Moms and dads often engage in nagging techniques because they need their children to do something and because they believe their persistent requests, demands, reminders, and threats of negative consequences will influence them to do what they want. What most mothers and fathers fail to realize is that even when nagging does work (which is always just a temporary ‘fix’), it usually ends up leaving both sides with negative feelings about the whole matter.
“I told you to pick that up.”
“How many times do I have to remind you?”
“Will you stop it?”
“You need to have a better attitude!”
“If I have to tell you again, you’re going to your room.”
Chronic nagging will chip away at a youngster's self-worth over time. Studies show that nagging does not improve behavior – it actually worsens it. Nagging is especially defeating in kids with a poor self-image. Nagging and repeating commands make kids nervous. Some kids exhibit more than their fair share of negative behavior, but constantly reminding your children produces more negative behavior. It is better to purposely pick out some redeeming qualities and concentrate on the positives (e.g., "I like the way you ignored your brother when he was trying to pester you”). You will see the “negatives” melt away.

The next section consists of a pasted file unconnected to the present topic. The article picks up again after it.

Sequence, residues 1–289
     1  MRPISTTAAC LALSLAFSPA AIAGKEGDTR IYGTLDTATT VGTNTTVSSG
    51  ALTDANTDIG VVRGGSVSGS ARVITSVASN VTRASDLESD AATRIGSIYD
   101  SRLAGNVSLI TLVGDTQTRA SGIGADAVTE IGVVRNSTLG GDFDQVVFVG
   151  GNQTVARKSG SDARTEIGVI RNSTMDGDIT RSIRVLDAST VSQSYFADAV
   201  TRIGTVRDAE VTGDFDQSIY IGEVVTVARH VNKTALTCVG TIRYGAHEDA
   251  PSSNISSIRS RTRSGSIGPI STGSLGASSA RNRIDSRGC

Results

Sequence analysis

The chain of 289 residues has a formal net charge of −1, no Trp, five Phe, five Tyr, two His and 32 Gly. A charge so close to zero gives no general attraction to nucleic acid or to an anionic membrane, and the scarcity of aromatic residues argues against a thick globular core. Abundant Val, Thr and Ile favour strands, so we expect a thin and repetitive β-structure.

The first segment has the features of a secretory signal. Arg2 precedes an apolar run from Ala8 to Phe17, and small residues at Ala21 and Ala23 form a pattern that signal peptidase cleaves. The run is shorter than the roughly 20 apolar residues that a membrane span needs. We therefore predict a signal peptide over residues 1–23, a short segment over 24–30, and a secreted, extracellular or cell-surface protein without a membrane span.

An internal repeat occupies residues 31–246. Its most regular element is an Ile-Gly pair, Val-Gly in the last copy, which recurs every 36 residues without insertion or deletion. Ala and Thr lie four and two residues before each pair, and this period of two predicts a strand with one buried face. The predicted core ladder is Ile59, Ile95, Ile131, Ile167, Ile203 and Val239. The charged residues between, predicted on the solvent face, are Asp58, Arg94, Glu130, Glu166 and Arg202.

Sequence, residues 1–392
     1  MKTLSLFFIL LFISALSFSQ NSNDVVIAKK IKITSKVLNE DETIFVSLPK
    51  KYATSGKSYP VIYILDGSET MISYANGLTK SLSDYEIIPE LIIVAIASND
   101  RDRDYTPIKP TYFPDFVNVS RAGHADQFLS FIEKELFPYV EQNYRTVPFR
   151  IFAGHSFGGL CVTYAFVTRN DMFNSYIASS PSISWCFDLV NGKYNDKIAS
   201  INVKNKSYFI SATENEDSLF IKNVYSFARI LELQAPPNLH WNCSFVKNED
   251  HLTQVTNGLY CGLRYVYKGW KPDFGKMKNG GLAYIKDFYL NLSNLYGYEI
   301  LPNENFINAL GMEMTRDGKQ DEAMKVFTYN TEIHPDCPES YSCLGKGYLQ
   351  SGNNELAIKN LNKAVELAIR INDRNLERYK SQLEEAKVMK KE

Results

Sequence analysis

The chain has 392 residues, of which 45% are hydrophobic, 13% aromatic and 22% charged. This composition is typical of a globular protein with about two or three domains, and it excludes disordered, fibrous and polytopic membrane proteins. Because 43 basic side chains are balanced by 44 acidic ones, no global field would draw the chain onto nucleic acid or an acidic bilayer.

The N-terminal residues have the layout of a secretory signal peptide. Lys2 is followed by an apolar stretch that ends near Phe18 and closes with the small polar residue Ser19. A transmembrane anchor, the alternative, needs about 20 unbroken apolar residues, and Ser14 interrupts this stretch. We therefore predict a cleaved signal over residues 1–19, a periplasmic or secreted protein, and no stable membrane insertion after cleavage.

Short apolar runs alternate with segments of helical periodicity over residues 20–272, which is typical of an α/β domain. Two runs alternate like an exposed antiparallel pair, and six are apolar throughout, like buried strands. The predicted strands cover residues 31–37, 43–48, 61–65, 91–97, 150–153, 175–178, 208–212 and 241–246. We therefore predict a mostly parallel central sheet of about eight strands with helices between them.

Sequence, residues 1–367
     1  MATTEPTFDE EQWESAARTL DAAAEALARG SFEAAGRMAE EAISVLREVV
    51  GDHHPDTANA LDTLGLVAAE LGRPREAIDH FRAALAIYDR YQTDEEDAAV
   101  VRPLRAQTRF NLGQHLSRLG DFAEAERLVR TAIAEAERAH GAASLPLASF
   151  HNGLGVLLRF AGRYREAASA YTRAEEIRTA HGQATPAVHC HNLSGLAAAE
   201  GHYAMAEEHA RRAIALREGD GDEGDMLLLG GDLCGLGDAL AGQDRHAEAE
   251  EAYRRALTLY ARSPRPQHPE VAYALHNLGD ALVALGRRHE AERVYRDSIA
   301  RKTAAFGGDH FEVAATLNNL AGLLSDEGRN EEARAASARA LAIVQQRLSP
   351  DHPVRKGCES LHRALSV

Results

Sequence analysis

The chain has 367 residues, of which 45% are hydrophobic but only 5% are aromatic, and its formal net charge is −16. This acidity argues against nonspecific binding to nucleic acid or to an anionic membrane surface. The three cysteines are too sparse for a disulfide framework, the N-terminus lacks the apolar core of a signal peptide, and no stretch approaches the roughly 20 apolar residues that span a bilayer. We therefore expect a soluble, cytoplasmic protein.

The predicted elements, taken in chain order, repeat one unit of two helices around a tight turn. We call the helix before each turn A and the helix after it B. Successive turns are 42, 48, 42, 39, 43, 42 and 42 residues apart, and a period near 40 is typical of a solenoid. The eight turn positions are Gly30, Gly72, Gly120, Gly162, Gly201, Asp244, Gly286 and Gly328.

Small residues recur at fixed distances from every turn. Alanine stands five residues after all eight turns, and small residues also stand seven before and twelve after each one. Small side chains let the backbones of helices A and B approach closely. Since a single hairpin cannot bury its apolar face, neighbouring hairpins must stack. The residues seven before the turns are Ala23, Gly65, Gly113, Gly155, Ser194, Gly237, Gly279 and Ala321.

It's really important to understand how nagging affects everyone involved. For one, nagging says to your youngster that he is either unable or not responsible enough to do what you've asked of him without being reminded. It may be true, but what happens is this: children will start to internalize this belief and live up to the expectation that they are irresponsible. They begin to believe that they can't do it rather than they won't do it.
The other thing about nagging is that it sounds more like a demand than a reasonable request. Demands are inherently inconsiderate because it tells the person that her feelings absolutely don't matter. It's also very disrespectful. You're effectively "pulling rank" and making the child feel powerless and inferior. If you can imagine having a superior at work demanding rather than requesting something of you, then you will understand what negative feelings this might bring out in your youngster. Rebelling and defiance become a natural reaction to nagging.
In addition, nagging can give children a false sense of power because they learn they can make you upset and amplify your nagging to ridiculous levels by holding out. The longer they wait the more powerless and upset you feel because your words continue to lose influence. You react by nagging some more, which causes them to wait even longer, and the vicious cycle goes on and on.